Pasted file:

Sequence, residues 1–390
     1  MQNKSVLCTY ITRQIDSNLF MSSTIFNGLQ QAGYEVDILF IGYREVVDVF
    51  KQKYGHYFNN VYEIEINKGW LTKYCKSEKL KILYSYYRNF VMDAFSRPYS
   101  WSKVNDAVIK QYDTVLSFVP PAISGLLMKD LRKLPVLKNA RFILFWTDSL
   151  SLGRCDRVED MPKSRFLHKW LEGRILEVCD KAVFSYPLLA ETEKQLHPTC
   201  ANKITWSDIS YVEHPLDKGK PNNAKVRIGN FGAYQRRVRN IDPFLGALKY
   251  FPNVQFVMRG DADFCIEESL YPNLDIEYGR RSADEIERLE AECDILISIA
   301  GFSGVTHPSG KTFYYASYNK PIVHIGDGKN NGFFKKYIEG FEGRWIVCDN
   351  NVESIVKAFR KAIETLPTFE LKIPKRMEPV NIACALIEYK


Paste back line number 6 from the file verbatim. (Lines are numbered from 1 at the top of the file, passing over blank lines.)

   201  ANKITWSDIS YVEHPLDKGK PNNAKVRIGN FGAYQRRVRN IDPFLGALKY